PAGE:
ALABAMA (WHNT) – Officials at the Johns Hopkins Bloomberg School of Public Health (JHSPH) hosted a COVID-19 media briefing Wednesday to discuss the recent surges across the country.
Experts in the briefing said we do seem to be at a certain plateau in COVID-19 surges, but the big point is that it’s important to see how much work remains to be done.
Health experts say it’s good news that COVID-19 cases are declining in the Northwest and Midwest, and overall hospitalizations have risen modestly in this surge. However, they add, that it’s not the case everywhere in the United States.
Incidents of COVID-19 have gone from 100 to 800 cases per day in the State of Alabama.
“It’s concerning that cases in the West and the South are still rising, and hospitalizations nationally are still rising,” noted Dr. Tom Inglesby of the JHSPH.
Dr. Wes Stubblefield of the Alabama Department of Public Health (ADPH) takes note of the recent surge.
“Our percent positivity has increased from two and a half percent to about thirteen, fourteen percent,” said Stubblefield.
COVID-19 continues to be a leading cause of death in the U.S. every week, due to a large unvaccinated and or boosted portion of the population, including those whose vaccination may not protect due to immunosuppression.
Dr. Inglesby is calling on Congress to fully support the tools used to fight COVID-19 and the emerging monkeypox surge.
“Funding to develop new vaccines to cope with variants, to fund treatments, to fund testing infrastructure and international response all needs to come from Congress,” Inglesby said. “The administration sent a request to Congress for funding many months ago and Congress has not yet acted on that request.”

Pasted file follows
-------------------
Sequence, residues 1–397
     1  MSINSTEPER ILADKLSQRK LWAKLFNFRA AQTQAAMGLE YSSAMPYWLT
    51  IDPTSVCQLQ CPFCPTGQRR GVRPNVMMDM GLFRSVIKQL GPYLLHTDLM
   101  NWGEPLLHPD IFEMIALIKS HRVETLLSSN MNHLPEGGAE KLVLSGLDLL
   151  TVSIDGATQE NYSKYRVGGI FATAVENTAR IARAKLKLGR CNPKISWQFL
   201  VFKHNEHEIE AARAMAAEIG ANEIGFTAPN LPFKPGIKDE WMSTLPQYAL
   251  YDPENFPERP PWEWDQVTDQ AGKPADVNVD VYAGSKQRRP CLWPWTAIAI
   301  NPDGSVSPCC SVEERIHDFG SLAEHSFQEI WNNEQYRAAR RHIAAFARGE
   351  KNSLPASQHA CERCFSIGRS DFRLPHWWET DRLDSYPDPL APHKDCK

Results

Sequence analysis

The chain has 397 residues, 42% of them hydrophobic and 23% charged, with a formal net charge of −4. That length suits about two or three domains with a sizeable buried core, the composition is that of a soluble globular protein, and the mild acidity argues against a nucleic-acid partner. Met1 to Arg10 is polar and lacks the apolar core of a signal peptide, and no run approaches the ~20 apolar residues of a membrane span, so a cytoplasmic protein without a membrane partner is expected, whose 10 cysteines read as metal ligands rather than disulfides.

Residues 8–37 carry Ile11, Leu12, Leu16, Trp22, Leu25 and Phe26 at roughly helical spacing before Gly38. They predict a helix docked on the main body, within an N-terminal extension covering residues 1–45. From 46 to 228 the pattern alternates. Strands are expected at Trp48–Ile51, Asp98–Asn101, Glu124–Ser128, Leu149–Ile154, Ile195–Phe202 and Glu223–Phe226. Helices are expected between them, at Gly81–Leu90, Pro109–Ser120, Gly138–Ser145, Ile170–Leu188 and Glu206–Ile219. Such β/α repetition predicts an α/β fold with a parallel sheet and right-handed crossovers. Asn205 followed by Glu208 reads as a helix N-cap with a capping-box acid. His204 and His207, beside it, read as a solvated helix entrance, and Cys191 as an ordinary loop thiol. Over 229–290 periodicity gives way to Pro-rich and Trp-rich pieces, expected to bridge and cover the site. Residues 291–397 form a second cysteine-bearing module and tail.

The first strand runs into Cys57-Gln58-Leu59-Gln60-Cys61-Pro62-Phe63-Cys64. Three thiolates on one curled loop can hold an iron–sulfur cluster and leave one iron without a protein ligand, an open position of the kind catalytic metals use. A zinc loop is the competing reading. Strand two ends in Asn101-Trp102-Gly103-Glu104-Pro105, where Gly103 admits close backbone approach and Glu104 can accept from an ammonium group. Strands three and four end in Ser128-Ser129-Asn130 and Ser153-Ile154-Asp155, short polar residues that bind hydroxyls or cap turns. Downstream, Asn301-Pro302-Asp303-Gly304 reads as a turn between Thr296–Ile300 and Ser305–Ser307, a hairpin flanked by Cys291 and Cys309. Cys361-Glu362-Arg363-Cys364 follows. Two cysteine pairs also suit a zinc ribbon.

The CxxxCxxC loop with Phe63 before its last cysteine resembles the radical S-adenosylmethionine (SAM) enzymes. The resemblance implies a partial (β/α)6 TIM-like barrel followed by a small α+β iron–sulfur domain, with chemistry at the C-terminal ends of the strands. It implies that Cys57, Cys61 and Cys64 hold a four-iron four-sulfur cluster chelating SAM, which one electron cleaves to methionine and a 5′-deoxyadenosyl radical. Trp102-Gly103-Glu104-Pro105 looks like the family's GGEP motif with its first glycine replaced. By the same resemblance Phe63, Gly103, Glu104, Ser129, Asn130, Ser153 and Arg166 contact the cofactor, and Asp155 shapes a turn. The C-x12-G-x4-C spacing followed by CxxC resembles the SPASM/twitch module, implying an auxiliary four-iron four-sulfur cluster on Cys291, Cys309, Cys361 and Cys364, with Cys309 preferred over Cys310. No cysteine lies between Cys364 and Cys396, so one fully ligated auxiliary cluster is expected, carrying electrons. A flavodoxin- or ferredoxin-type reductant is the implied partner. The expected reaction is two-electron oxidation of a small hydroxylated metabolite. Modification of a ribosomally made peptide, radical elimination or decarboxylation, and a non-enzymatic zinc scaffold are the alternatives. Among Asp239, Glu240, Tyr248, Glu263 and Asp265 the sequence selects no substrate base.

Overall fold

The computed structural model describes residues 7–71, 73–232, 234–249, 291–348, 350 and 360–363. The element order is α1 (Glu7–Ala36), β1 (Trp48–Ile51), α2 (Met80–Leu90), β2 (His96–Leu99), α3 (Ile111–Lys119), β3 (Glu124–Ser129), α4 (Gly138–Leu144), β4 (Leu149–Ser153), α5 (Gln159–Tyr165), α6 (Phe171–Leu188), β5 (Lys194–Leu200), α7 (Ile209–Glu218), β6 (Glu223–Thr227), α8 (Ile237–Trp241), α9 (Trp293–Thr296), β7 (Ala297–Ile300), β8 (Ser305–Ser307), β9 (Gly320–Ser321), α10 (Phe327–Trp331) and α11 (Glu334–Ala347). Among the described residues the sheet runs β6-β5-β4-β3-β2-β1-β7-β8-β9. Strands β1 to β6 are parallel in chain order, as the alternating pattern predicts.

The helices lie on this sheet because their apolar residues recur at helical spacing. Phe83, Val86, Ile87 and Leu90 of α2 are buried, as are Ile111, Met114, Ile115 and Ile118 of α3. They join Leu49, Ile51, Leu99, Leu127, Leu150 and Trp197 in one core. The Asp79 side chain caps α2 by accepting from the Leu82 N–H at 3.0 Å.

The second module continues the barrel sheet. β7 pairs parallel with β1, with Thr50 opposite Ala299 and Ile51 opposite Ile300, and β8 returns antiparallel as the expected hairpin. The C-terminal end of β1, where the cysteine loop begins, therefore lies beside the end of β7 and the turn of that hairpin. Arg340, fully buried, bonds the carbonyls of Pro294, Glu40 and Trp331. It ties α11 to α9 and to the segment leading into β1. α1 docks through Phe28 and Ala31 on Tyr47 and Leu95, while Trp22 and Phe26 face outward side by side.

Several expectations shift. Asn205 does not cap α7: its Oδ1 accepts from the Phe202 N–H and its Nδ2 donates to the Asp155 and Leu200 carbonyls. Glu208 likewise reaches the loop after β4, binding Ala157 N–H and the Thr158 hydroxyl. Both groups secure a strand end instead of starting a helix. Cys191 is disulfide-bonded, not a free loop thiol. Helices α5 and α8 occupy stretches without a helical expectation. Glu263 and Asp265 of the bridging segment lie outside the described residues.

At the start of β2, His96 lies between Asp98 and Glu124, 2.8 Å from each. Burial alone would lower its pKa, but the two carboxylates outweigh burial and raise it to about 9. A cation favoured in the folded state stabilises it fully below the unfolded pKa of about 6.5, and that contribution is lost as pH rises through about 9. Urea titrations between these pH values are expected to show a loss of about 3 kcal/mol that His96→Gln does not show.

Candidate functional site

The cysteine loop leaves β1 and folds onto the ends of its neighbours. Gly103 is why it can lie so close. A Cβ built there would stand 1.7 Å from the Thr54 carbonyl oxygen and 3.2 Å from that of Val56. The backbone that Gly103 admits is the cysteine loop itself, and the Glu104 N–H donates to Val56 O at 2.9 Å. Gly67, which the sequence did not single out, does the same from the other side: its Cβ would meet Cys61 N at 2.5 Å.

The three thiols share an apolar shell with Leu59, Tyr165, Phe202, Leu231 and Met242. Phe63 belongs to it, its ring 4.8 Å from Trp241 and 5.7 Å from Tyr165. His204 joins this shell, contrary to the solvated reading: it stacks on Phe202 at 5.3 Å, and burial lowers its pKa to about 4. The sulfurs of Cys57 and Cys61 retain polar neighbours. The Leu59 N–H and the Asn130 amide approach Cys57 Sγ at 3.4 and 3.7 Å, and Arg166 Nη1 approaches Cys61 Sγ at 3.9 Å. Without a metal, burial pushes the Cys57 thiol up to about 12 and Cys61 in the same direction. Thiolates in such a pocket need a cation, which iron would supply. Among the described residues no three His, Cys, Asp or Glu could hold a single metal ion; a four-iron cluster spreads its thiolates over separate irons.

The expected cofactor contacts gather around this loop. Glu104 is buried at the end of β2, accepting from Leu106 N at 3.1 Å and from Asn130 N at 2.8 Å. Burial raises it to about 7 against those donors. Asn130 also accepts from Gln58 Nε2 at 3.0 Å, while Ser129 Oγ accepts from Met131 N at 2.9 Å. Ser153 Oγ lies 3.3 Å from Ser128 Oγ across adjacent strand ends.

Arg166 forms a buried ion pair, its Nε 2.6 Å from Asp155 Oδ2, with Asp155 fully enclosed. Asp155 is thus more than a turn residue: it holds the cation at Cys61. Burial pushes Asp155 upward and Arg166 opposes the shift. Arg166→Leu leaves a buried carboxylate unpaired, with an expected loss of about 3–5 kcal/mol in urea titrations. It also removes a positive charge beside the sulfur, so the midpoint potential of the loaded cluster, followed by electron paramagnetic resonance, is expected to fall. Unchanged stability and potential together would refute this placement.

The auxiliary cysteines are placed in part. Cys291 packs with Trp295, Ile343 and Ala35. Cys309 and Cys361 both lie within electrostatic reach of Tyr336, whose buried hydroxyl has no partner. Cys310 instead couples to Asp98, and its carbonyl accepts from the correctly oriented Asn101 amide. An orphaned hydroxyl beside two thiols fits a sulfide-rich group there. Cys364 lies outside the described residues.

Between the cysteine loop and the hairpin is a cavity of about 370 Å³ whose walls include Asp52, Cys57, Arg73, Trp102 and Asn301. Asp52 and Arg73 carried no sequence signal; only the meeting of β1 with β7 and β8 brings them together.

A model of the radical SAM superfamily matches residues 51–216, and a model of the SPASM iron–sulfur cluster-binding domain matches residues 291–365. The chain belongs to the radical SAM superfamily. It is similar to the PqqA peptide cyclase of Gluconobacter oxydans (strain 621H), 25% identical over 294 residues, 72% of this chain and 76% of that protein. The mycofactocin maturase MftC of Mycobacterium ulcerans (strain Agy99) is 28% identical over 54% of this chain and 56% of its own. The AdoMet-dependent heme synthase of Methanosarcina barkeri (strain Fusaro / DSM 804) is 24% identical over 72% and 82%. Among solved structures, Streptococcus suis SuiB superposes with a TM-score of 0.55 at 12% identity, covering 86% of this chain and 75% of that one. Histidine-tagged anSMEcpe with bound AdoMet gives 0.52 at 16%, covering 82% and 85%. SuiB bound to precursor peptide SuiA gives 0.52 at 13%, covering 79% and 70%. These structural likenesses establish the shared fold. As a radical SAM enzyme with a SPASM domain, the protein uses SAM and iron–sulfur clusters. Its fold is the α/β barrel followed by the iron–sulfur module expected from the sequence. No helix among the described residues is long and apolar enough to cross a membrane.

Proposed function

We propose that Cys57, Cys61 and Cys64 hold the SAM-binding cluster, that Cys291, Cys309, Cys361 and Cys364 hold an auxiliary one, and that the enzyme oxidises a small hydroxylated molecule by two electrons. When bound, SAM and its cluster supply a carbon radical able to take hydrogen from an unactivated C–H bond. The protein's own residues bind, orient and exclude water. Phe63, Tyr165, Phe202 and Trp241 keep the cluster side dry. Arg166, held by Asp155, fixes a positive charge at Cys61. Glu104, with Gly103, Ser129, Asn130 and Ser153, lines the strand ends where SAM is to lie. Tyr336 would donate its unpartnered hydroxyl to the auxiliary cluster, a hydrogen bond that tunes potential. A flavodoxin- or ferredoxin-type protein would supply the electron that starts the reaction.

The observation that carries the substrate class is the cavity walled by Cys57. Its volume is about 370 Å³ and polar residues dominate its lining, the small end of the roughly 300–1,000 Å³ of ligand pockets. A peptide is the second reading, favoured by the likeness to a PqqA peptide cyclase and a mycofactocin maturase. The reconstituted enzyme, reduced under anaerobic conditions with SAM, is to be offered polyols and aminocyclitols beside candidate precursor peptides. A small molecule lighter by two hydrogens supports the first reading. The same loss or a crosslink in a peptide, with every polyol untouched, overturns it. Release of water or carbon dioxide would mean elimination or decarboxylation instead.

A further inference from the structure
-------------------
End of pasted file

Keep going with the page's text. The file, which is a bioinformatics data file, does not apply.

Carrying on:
Inglesby said it is important for clinical committees to spread awareness about monkeypox and urge everyone to be on the lookout for viral rashes. To date, there are 31 reported cases in the United States.
“The virus is acting a little differently than it normally does and so we are keeping a close eye on it although most of the experts expect this to be an epidemic because they believe that the spread of this has to do with close and intimate personal contact,” Dr. Stubblefield tells News 19.
On Wednesday, a second presumed case of monkeypox was identified in Los Angeles County. Cases have been identified in 13 U.S. states. Experts say it’s time that local government does more to prepare for future epidemics.
“It’s very important to us to continue and for the government to continue, for the clinical community to continue to inform clinics and health care providers and to engage with organizations on the ground that work with high-risk communities about the possibility of monkey pox,” concluded Inglesby.